Maejean Vintage uses TikTok videos showing off its vintage jewelry to connect with consumers, and many of its posts have gone viral. For example, a TikTok post explaining how ring styles have evolved over the past century set to Glenn Miller’s beloved song “In the Mood” has more than 323,000 likes and 2,800 comments. A Maejean Instagram post linking the perfect Valentine’s Day gift to a person’s zodiac sign got nearly 2,500 likes and 83 comments, putting this content at the top of many followers’ feeds.

“The first thing you have to do is grab a viewer’s attention,” Velke says. “Every piece of content needs a hook that will get someone to stop and watch. Pay attention to the kind of content people engage with and build off of that.”

MaeJean social experts
The Maejean Vintage social team: social media coordinator Heidi Wurtz and photographer/digital marketer Jess Lynne
Can you make something go viral?

Misho founder and creative director Suhani Parekh says her U.K.-based fashion jewelry brand went viral without any planning or preparation. The designer behind the Pods earrings that wrap around a person’s ear buds to keep the devices in place says her creation went viral in 2020 because it came out during a time when lots of people were online (i.e., the early days of the pandemic).

“Life became super digital, and it meant that I was constantly using my AirPods, but they were constantly falling out of my ears and I’d lose them or they wouldn’t sit well with my earrings,” Parekh says. “I thought, ‘Why not make an earring that can solve that problem?’ It ended up being the perfect combination of form and function, and this all happened at the perfect time.”

pebble pods Misho
Misho’s Pods earring
What’s the best part about going viral?

Parekh says she loved the whole experience. Because she designs for herself, having other people praise her work felt great. “I was, above all, flattered and honored that my work was being spoken about with such high regard,” she says.

For Berger, the author, a viral moment is peer-driven, and as such, is worth its weight in gold. It raises awareness, spreads information, encourages consideration, and drives purchases. “People often trust their peers much more than they trust ads,” he says. “If you can get people to talk and share, it’s a much more cost-effective way to get your product or service to catch on.”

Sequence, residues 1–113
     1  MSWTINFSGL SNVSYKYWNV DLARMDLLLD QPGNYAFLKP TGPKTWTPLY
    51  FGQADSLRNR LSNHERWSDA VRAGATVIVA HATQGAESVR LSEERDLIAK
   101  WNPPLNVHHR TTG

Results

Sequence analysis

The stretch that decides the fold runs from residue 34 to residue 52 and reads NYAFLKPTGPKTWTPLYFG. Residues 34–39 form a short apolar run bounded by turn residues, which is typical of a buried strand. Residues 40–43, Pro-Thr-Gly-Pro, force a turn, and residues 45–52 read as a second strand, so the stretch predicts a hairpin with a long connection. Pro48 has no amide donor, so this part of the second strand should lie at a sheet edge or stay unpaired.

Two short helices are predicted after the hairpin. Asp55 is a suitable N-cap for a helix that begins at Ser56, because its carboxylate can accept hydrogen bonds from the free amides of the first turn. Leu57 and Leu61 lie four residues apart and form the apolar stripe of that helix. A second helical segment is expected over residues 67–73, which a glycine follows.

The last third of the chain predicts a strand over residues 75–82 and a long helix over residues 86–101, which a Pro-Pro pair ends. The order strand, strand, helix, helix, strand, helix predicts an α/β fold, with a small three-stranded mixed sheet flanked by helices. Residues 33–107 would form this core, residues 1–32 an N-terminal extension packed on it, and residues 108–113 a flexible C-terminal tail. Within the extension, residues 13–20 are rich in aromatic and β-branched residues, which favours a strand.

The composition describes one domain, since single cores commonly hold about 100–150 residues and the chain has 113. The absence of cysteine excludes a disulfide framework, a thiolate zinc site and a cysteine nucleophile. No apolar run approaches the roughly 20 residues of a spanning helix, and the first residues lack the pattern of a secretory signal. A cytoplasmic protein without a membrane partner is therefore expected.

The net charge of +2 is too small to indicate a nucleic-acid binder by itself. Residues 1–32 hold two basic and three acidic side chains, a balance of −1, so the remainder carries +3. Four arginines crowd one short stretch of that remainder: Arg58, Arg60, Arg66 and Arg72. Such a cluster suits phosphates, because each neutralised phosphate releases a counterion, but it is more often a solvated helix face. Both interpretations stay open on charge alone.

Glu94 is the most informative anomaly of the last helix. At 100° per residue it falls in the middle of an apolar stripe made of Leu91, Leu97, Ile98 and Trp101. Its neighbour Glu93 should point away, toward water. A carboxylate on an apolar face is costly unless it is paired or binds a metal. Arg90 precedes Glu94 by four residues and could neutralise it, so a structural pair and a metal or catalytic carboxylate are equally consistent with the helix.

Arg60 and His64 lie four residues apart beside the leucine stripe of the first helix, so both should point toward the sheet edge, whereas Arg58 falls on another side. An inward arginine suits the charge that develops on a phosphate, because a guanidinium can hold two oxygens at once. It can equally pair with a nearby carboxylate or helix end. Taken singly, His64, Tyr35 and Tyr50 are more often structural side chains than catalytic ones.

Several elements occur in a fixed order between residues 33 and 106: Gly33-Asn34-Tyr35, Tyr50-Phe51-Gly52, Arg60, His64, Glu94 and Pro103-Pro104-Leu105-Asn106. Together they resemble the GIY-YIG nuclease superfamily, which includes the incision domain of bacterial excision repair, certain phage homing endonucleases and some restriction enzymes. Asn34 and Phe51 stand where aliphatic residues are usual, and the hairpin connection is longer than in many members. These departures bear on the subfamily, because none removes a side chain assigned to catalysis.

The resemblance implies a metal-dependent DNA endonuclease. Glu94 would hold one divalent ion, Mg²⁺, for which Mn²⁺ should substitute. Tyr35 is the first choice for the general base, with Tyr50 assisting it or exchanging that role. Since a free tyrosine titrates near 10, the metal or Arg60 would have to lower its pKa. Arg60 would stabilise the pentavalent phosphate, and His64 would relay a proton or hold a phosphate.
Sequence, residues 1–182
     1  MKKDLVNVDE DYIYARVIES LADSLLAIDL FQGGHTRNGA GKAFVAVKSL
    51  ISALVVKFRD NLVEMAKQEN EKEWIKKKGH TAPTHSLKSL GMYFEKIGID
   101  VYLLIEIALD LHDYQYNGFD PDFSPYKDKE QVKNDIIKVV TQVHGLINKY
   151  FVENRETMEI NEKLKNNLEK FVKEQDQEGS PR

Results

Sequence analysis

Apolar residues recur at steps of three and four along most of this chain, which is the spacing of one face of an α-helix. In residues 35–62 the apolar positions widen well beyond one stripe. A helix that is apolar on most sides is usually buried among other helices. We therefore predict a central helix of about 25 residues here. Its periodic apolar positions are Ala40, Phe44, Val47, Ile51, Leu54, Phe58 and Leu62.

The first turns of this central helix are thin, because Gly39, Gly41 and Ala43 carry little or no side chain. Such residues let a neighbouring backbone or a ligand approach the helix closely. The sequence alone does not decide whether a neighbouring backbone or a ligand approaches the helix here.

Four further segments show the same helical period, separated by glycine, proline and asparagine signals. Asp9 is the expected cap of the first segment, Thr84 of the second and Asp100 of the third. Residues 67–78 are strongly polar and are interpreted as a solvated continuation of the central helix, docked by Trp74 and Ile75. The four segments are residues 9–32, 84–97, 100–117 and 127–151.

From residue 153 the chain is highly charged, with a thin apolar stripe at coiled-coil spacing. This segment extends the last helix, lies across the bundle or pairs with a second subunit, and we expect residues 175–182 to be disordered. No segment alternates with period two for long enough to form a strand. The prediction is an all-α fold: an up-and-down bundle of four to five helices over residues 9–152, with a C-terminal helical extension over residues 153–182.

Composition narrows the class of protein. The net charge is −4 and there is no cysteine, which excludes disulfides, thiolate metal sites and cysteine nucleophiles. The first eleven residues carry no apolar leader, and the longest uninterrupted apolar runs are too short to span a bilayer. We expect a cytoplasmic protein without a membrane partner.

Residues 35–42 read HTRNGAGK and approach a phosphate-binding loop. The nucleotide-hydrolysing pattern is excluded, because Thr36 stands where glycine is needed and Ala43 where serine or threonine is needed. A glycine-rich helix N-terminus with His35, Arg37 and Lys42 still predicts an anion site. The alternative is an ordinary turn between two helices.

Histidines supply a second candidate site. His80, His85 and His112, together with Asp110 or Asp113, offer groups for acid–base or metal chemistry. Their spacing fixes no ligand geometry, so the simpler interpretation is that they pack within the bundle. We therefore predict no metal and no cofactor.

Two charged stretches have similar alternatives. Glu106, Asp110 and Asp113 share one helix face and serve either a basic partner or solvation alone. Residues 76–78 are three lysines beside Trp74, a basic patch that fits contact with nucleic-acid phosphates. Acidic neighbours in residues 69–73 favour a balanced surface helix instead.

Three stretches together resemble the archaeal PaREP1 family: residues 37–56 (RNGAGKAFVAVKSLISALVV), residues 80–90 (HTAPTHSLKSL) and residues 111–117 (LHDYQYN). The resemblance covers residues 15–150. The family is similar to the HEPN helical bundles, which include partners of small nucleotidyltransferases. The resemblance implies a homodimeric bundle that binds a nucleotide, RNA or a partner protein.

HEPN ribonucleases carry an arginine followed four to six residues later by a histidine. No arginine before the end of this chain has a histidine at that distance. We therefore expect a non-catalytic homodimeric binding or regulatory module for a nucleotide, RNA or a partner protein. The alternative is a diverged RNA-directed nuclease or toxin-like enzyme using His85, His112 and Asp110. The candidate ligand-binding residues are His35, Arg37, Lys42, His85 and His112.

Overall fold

Chouette jewelry
A model decked out in Chouette Designs jewelry (photo: Chelsea Mudlo)
What’s the worst part?

Ashley McGinty’s size-inclusive Chouette Designs went viral after an Instagram influencer found and promoted her jewelry brand. She’s since gone viral a few more times for educational content that explained her background and why she makes jewelry. McGinty has been in jewelry for more than a decade, starting as a retail associate and rising through the ranks to become a manager for a department store. In 2021, she founded her own jewelry company to promote equity, inclusiveness, and body positivity.

“Anytime your work gets exposed to a lot of people in a short period of time, you are opening yourself up to critique, and that can be tough to take,” McGinty says. “You have to take everything with a grain of salt because you don’t know who is leaving that comment. Going viral is not for the faint of heart. You really have to ask yourself if that’s the end goal because it doesn’t always translate into sales.”

Having followers jump in, make comments, and act as defense can be effective, experts say. “The more eyes you have on your content, the more negative comments you’ll get,” Velke says. “Try not to take the negative personally, and definitely don’t get in a back-and-forth argument. Let the positive comments speak for you.”

Chouette founder
Ashley McGinty of Chouette Designs (photo: Melissa McClure Photography)
Can others replicate a viral success?

Velke says yes—but they must do it their own way. “It’s important to find your own niche style when it comes to making content,” she says. “Don’t just copy what your competitors are doing because then you’ll just get confused with other businesses.”

Heidi Wurtz, a social media coordinator for Maejean Vintage, agrees. “Be open to trying many new ideas,” she says. “Don’t assume things won’t work or be popular. It’s always better to try and fail than to miss out on unexpected success.”